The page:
Three IT developers work on a computer.


Consultation with Dr Chatbot

More reliable than Dr Google: in Rwanda, artificial intelligence is providing health tips from trustworthy sources. All based on open-source code.

What should I do if I develop a fever? How can I tell if I have COVID-19? The RBC-Mbaza chatbot has the answers. It offers advice on COVID-19 and provides information on symptoms and preventative measures – and it is getting better all the time. The chatbot is based on artificial intelligence. People in Rwanda can use it to get reliable answers, and the system learns at the same time by remembering helpful answers and frequently asked questions and linking them together. RBC-Mbaza builds on existing information systems in Rwanda, including the databases of the Rwanda Biomedical Centre and the Rwanda Information Society Authority (RISA). A unique feature of the chatbot is that it also works in the local language Kinyarwanda.

Previously, access to information and services was severely limited. The chatbot is now opening up access and allowing everyone to receive information. With more than 2.2 million users – around 15 per cent of the Rwandan population – demand for the service is high.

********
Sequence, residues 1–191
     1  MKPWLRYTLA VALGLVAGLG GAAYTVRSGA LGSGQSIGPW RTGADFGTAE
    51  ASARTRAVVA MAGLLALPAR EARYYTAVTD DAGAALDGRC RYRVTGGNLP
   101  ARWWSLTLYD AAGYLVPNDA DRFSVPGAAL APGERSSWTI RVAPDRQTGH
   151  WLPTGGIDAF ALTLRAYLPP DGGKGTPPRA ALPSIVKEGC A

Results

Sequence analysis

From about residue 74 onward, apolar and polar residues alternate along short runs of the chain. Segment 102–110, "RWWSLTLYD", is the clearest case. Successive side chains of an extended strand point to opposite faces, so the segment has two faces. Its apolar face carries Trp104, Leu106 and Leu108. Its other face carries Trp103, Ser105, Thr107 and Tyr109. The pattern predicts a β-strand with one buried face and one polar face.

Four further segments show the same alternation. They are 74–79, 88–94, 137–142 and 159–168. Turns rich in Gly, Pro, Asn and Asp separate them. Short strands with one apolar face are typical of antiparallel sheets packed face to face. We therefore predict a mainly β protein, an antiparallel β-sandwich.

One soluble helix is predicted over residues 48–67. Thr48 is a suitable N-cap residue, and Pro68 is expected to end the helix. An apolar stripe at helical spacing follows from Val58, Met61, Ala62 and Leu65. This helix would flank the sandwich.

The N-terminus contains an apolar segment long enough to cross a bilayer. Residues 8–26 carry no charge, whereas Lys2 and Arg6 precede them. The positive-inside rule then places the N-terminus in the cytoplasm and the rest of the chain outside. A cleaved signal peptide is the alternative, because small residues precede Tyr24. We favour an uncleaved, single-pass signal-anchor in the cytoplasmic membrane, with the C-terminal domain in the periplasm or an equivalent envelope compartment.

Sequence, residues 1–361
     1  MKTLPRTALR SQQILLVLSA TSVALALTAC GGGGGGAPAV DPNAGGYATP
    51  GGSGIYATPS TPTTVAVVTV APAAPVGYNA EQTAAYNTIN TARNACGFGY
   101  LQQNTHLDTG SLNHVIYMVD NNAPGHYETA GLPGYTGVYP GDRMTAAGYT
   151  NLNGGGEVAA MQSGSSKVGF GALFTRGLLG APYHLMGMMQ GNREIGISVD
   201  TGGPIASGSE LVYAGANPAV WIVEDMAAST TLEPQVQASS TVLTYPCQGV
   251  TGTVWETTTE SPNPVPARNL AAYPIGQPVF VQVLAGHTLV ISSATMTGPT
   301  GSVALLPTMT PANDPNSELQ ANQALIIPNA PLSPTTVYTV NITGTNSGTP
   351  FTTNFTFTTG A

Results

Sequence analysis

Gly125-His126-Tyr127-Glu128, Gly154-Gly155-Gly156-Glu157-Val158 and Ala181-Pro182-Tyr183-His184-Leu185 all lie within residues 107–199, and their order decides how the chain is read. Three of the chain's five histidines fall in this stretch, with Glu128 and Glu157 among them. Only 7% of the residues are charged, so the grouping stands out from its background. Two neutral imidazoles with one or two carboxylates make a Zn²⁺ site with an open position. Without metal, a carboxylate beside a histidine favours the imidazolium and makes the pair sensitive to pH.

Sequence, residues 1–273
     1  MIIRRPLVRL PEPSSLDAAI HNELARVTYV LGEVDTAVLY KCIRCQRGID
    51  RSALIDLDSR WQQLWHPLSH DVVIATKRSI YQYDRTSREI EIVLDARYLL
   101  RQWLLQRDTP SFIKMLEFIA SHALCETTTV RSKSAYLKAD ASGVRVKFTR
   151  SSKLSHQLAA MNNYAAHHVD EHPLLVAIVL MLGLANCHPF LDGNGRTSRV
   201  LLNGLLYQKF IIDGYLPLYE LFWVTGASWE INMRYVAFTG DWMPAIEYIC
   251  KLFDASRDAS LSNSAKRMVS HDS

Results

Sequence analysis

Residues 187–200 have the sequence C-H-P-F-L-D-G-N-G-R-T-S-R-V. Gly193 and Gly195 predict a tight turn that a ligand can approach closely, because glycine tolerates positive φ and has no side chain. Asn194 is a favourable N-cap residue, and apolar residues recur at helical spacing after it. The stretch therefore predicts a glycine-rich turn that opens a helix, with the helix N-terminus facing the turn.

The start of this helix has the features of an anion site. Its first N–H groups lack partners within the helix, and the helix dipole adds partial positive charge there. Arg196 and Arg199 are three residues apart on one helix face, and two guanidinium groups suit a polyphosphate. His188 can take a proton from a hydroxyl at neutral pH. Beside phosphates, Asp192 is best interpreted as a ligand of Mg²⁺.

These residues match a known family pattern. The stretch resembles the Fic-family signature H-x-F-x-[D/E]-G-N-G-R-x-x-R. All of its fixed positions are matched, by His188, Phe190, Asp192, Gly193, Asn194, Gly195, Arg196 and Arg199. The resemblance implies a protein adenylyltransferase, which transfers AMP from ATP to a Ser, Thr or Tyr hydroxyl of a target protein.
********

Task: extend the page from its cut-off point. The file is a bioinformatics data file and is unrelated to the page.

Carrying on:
On behalf of the German Development Ministry, the Deutsche Gesellschaft für Internationale Zusammenarbeit (GIZ) GmbH is working in Rwanda to advise the Ministry of Information Communication Technology and Innovation (MINICT). GIZ set up a digital transformation centre together with local partners, including Digital Umuganda. This makes public services accessible to all Rwandans. The chatbot developed at the centre is a first success.

Artificial intelligence with open-source code: a building block for further development

The bot uses open-source code. It is a digital public good, which makes developing it further even easier. Audace Niyonkuru heads Digital Umuganda, a start-up specialising in artificial intelligence and voice processing. He says, ‘This is a really big help for those who work in Kinyarwanda or other African languages. They now have an infrastructure upon which they can build. The fruits of these efforts will be seen in the months and years to come – in the form of products and innovations.’

Additional information


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